Adityanath’s meat ban is more caste-based than just a devious political plan
Increasing celebration of vegetarian-purity and purification of the impure castes through vegetarianism helps create a broader Hindu identity with new etiquettes of politeness towards castes considered impureUpdated: Apr 07, 2017 18:57 IST
The recent crackdown on meat shops in Uttar Pradesh offers a peek into the ethical divide that exists between vegetarians and non-vegetarians in India. The increase in meat consumption, intensive animal farming and growing cruelty against animals has given rise to compassion movements across the world. It should be a matter of pride therefore that India is among the most-vegetarian countries in the world.
But how does meat become a source of contention, violence and even governmental repression in India? Is our vegetarianism based on compassion for animals?
Indian vegetarianism is not veganism – it does not necessarily involve care for animals, at best it is deification of some animals. Non-vegetarian food (and non-vegetarian people) generate disgust among vegetarians in India, a peculiar feeling that calls for distance --- social and physical -- from non-vegetarian food and non-vegetarian people.
Why do vegetarians in India prefer social distance from non-vegetarians? A look at caste-wise food preferences could provide some insights. In caste society, for achieving purity of body and spirit, it is necessary to be a vegetarian and religious simultaneously – something that is best embodied by a Brahmin.
Not surprisingly, the percentage of non-vegetarians among Scheduled Castes and Tribes is much higher than other castes. Among the non-SC/STs, the highest incidence of vegetarianism is found among Brahmins, almost over 50%. The higher the caste more the possibility of them being pure vegetarians. The value of ‘purity’ attached to our vegetarianism is informed by the ideology of caste in India.
In present times, higher status attached to purity is not rigidly limited to Brahmins. It is through change in dietary and ritual practices that mobility of castes (considered lower) into the higher and pure culture becomes possible.
Increasing celebration of vegetarian purity and purification of the impure castes through vegetarianism helps create a broader Hindu identity with new etiquettes of politeness towards castes considered impure.
Such vegetarianism based on caste purity has also produced a group of reluctant vegetarians who either purify themselves by not eating meat on certain days and occasions, or eat certain kinds of meat while deploring beef.
One critical aspect of urbanisation in India is the role food preference plays in constructing urban neighbuorhoods. Compared to rural areas, we notice lower non-vegetarianism in urban spaces. In schools it is not uncommon for parents of non-vegetarian children to be advised to pack appropriate (vegetarian) food for children. Even in institutes of repute we see non-vegetarian food kept at good distance from vegetarian food, worse sitting areas may be marked separately too. This tells us about a specific form of modernity where caste-purity informs vegetarianism and the burden of diet-purity is more on the women.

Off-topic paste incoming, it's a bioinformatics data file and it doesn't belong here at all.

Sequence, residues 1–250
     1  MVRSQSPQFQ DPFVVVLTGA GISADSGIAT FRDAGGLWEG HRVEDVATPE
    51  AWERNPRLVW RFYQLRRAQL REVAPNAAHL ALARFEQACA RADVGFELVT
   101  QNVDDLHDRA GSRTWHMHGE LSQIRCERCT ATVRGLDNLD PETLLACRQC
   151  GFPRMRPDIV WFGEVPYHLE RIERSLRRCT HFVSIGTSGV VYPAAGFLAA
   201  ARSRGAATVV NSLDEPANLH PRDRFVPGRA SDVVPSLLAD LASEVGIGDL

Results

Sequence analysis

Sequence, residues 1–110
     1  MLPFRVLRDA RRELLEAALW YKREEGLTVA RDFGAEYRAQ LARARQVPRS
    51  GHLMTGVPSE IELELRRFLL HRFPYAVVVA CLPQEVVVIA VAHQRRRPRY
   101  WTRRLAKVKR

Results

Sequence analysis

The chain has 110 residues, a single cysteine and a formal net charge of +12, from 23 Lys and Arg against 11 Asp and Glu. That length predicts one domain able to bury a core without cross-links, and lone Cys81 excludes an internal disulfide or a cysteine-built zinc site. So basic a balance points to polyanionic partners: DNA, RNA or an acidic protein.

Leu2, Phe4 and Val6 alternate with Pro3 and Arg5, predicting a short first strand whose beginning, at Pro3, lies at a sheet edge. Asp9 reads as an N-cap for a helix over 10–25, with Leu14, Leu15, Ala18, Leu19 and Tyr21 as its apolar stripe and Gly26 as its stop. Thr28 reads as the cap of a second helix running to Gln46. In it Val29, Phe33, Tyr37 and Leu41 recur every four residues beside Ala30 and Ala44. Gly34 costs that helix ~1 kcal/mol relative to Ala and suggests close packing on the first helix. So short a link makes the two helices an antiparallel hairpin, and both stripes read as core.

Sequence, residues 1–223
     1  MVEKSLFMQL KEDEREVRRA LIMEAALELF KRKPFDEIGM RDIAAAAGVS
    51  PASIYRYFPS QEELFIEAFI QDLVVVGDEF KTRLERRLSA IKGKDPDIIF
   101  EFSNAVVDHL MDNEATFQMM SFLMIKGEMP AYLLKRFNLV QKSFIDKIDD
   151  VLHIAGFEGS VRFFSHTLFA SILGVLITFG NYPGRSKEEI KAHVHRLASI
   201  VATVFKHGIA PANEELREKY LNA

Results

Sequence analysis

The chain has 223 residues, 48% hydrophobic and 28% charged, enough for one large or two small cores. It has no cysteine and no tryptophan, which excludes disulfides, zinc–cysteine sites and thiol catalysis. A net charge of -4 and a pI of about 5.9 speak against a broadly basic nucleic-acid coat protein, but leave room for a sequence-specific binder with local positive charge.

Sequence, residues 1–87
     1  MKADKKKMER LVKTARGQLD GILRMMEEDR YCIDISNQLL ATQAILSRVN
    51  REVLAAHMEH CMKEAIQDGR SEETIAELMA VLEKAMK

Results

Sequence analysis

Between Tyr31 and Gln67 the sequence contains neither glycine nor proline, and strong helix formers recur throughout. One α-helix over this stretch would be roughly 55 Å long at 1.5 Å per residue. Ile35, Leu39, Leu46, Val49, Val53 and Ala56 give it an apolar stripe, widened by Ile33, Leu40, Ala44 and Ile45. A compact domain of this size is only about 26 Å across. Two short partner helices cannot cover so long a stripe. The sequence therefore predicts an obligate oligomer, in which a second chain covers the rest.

Generally, the BJP is seen as an upper caste party obsessed with vegetarianism and cow protection. On the other hand, non-BJP parties have equally promoted the hegemony of vegetarianism. In October 2016, the Samajwadi Party government backed spiritual leader Ramraju Mahanti’s vegetarian campaign that termed non-vegetarians as demons. While most SCs, STs and OBCs are non-vegetarians, state governments find it difficult to even provide eggs in mid-day meal schemes for deprived children.
Given that the majority of Hindus are non-vegetarian, how and why is the democratic State so concerned about non-vegetarian diets, even eggs?
Broadly, present day vegetarianism in India constitutes a form of moral power of the minority within Hindus, such power is forced on the non-vegetarian majority – with their consent.
The newer socio-cultural and spiritual practices that privilege vegetarian-purity are a sign of progress into a modern caste society where the power of vegetarianism and associated purity travels across social groups and institutions, without dissent. Like caste-humans, not all animals carry equal sympathy and cow (indigenous) takes the highest sacral form.
How fragile must be the morals of the vegetarians if they feel threatened by very presence of eggs in schools? Gandhi improvised his vegetarianism through inflicting violence and control on himself. Present day pure subjects and their vegetarianism however thrives on violence; both on self and others. Several governments both past and present have been party to this process, promoting the hegemony of misguided vegetarianism.
Suryakant Waghmore is a sociologist based at IIT-Bombay
The views expressed are personal